Georgia's Savannah port posted another record fiscal year for container traffic for the 12 months ending in June, a signal of economic resiliency despite continued global trade tensions.
The Georgia Ports Authority said on Tuesday that container traffic hit a record 4.5 million, 20-foot equivalent units from July 2018 through June, up 7.3 percent from the prior fiscal year. Automotive and machinery units shipped through the state’s Brunswick port were up 4 percent during that time.
Georgia’s inland and coastal ports are vital cogs in the state’s economy, and serve as canaries in the global economic coal mine. The volume of cargo that flows in and out of the Savannah and Brunswick harbors are bellwethers of U.S. demand for imports and of the appetite abroad for Georgia-grown or manufactured products.
The ports maintained their respective shipping growth despite Washington and Beijing exchanging tariff salvos and amid other signals of slowing global demand. Savannah reported growth in part from continued economic growth and from capturing market share from other East Coast rivals.
Many forecasters have attributed Savannah’s sustained growth to shippers and retailers attempting to get products to market before the enactment of costly tariffs.
“The economy has held stronger than people anticipated,” Georgia Ports Authority Executive Director Griff Lynch said. “This is not about staying ahead of the tariffs; this is a sign of a good, strong economy.”
Georgia is a southeastern hub for e-commerce and traditional retail distribution facilities. Warehouses for retailers such as Amazon, Tory Burch and the parent company of Calvin Klein dot the metro Atlanta area.
The Atlanta region boasts a rail network and freeway system that provide ready access to the coast. A recent study by the University of Georgia found maritime trade accounts for $44 billion of the state’s gross domestic product and the ports directly or indirectly touch more than 439,000 jobs.
Warehouse and logistics jobs in metro Atlanta soared by about 25 percent from 2014 to 2018, greater than the 18.8 percent national average over that span, according to analysis by real estate services firm CBRE.
Metro Atlanta has doubled in population over the past three decades and that growth will only continue, meaning demand for goods and services from consumers and businesses will grow, said CBRE divisional director of research Dan Wagner.
Developers have built tens of millions of new square feet of warehouse space to handle demand, yet vacancy remains tight.
A large percentage of the containers that move in and out of Savannah go through warehouses on metro Atlanta’s southside, said Toby Jorgensen, an associate director of research for CBRE. The south Atlanta industrial submarket has seen 38 million square feet of net absorption of space over the past five years.
“No question a lot of the port activity is driving that,” he said.
The Savannah port also saw substantial growth in shipping by rail. In 2018, the ports authority launched its Mason Mega Rail Terminal, a sprawling new rail yard designed to improve the Savannah terminal's connection to the main CSX and Norfolk Southern rail networks. That project is about 40 percent complete.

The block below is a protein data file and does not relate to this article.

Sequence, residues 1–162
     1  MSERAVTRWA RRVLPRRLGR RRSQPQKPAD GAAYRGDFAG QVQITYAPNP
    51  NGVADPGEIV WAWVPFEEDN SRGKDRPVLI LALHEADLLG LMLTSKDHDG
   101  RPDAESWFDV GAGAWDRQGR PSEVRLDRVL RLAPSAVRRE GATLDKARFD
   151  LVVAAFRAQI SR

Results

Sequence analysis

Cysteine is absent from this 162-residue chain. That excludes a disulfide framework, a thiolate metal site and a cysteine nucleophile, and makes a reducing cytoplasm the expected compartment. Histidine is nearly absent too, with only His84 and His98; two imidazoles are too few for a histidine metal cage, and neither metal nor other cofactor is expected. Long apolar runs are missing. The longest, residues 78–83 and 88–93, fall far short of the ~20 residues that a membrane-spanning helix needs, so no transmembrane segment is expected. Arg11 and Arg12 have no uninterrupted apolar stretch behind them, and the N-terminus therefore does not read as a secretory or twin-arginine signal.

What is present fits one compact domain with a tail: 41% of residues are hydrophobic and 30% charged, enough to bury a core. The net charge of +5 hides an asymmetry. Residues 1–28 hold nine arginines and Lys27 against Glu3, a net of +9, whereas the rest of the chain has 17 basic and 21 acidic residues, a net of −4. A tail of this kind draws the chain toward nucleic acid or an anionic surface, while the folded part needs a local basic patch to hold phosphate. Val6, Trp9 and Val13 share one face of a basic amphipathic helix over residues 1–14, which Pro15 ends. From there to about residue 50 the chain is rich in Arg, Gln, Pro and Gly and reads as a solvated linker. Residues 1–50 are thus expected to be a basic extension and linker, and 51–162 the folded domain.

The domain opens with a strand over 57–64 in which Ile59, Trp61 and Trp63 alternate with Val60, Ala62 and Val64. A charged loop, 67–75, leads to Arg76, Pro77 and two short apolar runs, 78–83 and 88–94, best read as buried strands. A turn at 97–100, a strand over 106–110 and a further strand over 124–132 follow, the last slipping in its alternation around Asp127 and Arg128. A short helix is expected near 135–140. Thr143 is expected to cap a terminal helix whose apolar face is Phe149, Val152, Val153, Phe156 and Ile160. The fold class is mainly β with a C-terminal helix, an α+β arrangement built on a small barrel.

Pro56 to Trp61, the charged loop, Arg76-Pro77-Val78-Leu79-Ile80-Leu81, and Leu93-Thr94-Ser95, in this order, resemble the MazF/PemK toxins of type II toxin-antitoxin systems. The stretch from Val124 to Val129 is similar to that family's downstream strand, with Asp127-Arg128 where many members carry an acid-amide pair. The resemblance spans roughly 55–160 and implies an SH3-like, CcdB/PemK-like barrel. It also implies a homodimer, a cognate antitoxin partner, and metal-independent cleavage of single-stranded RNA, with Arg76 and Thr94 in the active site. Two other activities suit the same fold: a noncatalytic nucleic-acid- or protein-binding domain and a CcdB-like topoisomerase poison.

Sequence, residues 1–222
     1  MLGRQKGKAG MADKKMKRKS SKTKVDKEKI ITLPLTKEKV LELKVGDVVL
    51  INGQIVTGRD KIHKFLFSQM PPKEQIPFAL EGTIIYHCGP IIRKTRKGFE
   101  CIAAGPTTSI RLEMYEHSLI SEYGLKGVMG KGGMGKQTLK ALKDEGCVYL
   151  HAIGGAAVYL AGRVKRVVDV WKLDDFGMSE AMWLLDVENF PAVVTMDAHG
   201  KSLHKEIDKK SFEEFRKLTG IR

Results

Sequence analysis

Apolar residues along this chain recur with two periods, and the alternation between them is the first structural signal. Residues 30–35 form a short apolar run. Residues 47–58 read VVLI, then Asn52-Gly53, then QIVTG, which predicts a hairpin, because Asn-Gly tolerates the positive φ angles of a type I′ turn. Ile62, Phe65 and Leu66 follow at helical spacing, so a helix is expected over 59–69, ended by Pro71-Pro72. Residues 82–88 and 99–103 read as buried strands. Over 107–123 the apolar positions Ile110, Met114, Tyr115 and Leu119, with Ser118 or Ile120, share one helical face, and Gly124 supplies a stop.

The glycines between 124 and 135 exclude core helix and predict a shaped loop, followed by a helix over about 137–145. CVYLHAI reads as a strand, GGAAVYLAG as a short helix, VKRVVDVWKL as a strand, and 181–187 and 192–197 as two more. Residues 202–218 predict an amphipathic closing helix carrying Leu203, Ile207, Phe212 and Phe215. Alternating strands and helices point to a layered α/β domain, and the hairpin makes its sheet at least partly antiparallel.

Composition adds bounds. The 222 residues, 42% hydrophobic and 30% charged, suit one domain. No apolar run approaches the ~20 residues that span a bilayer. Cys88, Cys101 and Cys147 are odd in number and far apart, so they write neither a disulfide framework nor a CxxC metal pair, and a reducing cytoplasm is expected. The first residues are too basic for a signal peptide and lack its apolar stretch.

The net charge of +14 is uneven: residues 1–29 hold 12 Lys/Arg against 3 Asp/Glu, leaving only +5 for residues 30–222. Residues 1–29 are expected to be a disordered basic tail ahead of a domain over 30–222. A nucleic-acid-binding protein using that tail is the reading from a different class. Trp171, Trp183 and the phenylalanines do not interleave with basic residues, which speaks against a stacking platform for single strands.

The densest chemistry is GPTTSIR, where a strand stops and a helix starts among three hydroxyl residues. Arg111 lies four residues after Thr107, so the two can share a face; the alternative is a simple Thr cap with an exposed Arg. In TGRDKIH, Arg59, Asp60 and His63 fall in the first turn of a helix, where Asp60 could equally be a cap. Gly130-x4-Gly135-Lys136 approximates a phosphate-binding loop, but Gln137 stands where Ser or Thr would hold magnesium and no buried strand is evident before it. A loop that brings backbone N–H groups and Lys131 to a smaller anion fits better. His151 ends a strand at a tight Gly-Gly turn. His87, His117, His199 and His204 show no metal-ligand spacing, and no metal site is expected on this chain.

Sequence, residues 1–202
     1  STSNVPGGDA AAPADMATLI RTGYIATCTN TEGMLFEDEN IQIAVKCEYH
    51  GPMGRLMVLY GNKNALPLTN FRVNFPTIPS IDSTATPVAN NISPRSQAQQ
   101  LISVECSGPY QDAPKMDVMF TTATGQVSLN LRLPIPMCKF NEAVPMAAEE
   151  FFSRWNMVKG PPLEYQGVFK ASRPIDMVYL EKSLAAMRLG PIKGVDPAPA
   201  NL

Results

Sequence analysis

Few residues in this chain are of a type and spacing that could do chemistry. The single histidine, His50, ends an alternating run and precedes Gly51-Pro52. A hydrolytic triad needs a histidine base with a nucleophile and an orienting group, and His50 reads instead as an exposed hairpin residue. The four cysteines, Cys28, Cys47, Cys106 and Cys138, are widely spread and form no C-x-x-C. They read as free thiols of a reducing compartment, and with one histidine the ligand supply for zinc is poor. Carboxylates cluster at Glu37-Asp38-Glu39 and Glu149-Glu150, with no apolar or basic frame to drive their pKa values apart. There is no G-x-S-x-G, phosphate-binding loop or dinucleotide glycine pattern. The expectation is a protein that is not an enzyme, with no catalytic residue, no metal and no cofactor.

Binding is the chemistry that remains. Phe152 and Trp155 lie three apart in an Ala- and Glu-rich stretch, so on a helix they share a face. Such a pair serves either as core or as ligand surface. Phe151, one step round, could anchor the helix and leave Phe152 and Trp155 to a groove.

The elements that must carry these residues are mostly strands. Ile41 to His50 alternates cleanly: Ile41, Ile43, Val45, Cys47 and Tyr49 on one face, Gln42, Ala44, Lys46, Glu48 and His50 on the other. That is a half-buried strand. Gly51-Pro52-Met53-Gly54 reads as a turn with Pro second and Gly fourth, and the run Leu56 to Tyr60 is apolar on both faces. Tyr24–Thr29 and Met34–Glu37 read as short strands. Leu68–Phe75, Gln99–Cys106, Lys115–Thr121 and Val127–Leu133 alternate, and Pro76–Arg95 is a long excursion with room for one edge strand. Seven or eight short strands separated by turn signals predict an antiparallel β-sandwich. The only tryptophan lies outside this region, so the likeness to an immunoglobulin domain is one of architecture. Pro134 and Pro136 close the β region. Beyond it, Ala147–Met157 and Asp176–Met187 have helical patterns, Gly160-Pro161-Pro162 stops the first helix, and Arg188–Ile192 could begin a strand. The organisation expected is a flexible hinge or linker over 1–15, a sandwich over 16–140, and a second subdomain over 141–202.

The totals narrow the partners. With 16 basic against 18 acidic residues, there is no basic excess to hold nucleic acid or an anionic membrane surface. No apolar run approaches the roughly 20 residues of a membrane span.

Will McKnight, chairman of the ports authority board, said the Mason project will ultimately allow the port to build nearly 2-mile-long trains on-site and dramatically reduce the time for products arriving in Savannah to reach Nashville, Memphis and Chicago by rail. The Mason terminal will open in phases with full completion expected late next year.
Another critical project — the deepening of the Savannah River's inner harbor — begins soon.
Lynch said a contract to deepen the inner harbor from 42 to 47 feet could start in September. The nearly $1 billion project, arguably the state’s largest-ever economic development project, is slated to be completed by early 2022. It will allow the Savannah harbor to handle ever-larger ships plying through the expanded Panama Canal.
Industrial developer John Porter is building the Savannah Port Logistics Center in Pooler. The nearly 200-acre campus will include more than 2.3 million square feet of warehouse space for export companies in two buildings.
The first building is expected to open later this year, with the second scheduled for 2020. Both are already leased.
Most of Porter’s future tenants produce plastic resins for overseas markets. The manufacturers create high-paying jobs, and the 300 to 400 jobs within the facilities Porter is building will pay above average wages as well.
“The growth they are going to see in the coming years will continue,” he said. “It’s not going to stop.”
Why it matters
Georgia’s inland and coastal ports are vital cogs in the state’s economy, and in some ways canaries in the global economic coal mine. The volume of cargo flowing through Savannah and Brunswick signal consumer demand for imports and of the appetite abroad for Georgia grown or manufactured products. Many economists fear trade tension with China and other nations has slowed economic growth. A recent study by the University of Georgia found maritime trade accounts for $44 billion of the state’s gross domestic product and the ports directly or indirectly touch more than 439,000 jobs.